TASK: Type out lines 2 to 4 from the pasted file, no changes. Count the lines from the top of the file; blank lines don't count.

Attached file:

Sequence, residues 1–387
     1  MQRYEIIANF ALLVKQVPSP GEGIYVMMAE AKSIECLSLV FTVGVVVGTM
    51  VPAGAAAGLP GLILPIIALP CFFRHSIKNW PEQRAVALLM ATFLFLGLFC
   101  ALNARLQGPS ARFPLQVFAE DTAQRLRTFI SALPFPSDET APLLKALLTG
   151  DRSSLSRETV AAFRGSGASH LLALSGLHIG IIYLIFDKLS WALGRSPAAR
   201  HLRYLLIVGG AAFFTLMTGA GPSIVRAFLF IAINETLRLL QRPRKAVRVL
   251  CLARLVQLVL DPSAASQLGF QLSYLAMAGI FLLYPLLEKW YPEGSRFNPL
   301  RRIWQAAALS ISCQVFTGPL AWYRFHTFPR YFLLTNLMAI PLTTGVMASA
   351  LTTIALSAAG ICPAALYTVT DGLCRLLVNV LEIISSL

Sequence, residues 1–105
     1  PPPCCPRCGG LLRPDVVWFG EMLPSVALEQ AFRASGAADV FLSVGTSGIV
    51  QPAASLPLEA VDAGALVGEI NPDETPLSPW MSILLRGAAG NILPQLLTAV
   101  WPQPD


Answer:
     1  MQRYEIIANF ALLVKQVPSP GEGIYVMMAE AKSIECLSLV FTVGVVVGTM
    51  VPAGAAAGLP GLILPIIALP CFFRHSIKNW PEQRAVALLM ATFLFLGLFC
   101  ALNARLQGPS ARFPLQVFAE DTAQRLRTFI SALPFPSDET APLLKALLTG